Shadow of the Owl is a traditional fantasy novel in the vein of Lord of the Rings and Sword of Shannara. Mylena, the main character, is an exiled princess I think a lot of people would identify with. She’s struggling with growing up in a kingdom under siege, living in secret with her father in a village in the forest. The culture of the world is a bit unique in that the original inhabitants of Shadowhaven were a race of shamanistic elves, each of them born with one type of elemental magic. Add to that a group of colonizing humans who built a society with these elves, and you have a melting pot of a kingdom that is very much in its infancy. Mylena sort of represents this mixture, being half human and half pixie (the race of her mother).

Q. Do you find it more fun to write heroes or villains? Why?

I’ve never been a fan of villains. I used to do my best to write without them, but stories get boring without antagonists, don’t they? I have always rooted for the hero, and I find their stories more compelling to write.

Q. What do you like most about your Princess Mylena? What do you like least about her?

Mylena is incredibly strong willed, and I love that about her. Writing her character I often tried to make her do things in scenes and she just would flat out refuse. “I was raised in a castle, in comfort and luxury, I would never do that!” she would announced. It made writing her incredibly challenging and incredibly fun. I don’t like the selfish streak she has though. She’s the sort of person that thinks of herself first — I guess that comes from being raised as the heir to the throne. She learns to get a bit better on that score along the way, I’m happy to say.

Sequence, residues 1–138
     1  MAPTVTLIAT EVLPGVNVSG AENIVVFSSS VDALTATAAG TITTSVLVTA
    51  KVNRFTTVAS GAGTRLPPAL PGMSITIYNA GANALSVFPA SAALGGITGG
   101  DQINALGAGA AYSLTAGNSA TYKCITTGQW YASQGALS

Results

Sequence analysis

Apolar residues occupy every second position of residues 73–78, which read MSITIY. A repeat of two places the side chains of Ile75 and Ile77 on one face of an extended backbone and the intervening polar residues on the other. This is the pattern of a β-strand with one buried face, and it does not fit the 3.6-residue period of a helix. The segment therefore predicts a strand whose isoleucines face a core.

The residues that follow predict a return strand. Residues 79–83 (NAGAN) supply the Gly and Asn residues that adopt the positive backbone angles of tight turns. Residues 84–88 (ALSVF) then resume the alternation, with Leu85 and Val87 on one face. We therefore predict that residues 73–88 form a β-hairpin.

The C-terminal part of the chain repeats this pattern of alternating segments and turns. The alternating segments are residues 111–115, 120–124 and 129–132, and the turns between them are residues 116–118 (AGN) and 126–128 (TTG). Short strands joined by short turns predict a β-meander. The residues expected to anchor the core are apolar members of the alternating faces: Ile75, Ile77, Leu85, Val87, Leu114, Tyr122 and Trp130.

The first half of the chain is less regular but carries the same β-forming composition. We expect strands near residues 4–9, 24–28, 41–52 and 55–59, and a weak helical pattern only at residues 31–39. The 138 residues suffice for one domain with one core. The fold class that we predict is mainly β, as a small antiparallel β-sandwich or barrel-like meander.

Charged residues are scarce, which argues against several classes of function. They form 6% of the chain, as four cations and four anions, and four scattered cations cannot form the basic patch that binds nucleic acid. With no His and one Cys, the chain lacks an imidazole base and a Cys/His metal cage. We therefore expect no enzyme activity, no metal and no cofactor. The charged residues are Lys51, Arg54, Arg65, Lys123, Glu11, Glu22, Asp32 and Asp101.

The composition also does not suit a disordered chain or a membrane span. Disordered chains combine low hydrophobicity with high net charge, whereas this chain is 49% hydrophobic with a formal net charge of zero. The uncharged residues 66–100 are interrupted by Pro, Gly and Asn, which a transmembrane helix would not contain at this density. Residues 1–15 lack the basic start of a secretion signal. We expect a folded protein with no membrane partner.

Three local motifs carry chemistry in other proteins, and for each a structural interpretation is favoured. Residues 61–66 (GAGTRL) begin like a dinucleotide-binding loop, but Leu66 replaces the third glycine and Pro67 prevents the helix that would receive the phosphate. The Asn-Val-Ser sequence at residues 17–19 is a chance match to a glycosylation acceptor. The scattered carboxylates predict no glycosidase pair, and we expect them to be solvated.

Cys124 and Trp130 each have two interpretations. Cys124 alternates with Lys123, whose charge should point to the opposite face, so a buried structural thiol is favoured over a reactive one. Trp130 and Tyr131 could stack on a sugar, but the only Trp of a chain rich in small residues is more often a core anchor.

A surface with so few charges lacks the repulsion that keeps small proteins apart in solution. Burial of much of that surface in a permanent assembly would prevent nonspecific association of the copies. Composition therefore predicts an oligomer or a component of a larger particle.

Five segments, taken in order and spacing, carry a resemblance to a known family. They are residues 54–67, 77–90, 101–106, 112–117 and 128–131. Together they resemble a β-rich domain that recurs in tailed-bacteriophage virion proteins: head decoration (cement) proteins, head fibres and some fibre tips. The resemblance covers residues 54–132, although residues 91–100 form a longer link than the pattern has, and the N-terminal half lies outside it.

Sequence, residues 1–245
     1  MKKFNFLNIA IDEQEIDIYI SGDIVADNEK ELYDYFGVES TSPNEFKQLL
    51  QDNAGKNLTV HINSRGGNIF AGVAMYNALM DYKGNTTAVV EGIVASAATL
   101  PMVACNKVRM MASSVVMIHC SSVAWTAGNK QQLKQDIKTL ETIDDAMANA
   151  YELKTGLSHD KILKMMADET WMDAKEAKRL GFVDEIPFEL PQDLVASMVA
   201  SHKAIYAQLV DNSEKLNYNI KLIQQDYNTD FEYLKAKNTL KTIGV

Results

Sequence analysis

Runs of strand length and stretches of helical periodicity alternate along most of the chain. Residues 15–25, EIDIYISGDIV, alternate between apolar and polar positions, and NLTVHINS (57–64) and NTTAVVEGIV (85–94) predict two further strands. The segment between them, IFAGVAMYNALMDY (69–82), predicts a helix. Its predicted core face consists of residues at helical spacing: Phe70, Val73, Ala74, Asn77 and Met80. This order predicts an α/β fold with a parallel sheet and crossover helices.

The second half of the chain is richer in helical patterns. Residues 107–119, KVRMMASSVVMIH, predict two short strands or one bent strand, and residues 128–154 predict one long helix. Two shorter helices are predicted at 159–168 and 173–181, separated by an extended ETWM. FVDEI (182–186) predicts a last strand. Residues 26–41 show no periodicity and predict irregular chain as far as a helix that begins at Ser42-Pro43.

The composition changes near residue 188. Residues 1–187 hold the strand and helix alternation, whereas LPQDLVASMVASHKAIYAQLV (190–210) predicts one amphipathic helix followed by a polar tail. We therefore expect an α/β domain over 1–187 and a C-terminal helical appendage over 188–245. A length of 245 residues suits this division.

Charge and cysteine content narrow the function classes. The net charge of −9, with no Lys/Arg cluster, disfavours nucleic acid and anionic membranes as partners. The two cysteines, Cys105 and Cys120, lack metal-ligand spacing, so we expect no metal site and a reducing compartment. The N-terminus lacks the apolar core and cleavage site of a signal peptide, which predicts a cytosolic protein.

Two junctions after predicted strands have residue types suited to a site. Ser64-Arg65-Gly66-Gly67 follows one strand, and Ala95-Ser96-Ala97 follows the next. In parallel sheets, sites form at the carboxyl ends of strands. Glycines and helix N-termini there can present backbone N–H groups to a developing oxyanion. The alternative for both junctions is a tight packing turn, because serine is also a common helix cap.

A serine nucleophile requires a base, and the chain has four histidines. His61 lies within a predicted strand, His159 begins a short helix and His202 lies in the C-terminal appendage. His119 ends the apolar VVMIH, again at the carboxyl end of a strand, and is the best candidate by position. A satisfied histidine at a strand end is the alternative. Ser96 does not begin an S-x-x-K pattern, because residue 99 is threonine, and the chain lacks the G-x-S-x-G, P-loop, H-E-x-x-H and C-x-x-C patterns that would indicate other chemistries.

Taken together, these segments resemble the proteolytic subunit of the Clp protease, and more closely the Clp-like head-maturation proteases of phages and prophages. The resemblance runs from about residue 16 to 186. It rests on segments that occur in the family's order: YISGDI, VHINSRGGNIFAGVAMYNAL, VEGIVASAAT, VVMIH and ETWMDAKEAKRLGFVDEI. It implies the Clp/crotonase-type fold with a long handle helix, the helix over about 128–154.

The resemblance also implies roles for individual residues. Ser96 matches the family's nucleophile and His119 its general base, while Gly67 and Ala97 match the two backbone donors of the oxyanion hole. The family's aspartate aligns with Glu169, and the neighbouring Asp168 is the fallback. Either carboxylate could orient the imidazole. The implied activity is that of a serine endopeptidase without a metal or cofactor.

Q. Why did you choose to write fantasy? What draws you to that genre?

I grew up on fantasy. My father was a huge sci-fi and fantasy reader, and one of the first books I remember him reading me was Thurber’s The Thirteen Clocks. I also think an unhealthy fixation with Disney princesses added to that, come to think of it.

Q. What’s different or unique about your story from other fantasies?

Mostly I think that I’ve got a unique bunch of people adventuring together. Aside from Mylena Saebariela, you have the orphan Chiave, who’s the only human with a magical ability in the realm, Warrek, the Captain of the Guard who comes home after duty out of the country to find his best friend the king is gone, and I can’t forget Joppa — she’s sharing memories with her dead twin brother.

Q. Readers may not realize that writers do lots of research, even for fantasy stories, before they complete a book. What kind of research did you do for this story?

I did a lot of research into medieval combat and herbology, specially about American plants and how they can be used for medicinal purposes.

Q. Which works and authors would you say influenced the book? How?

Tad Williams’ Memory, Sorrow, and Thorn series, most definitely.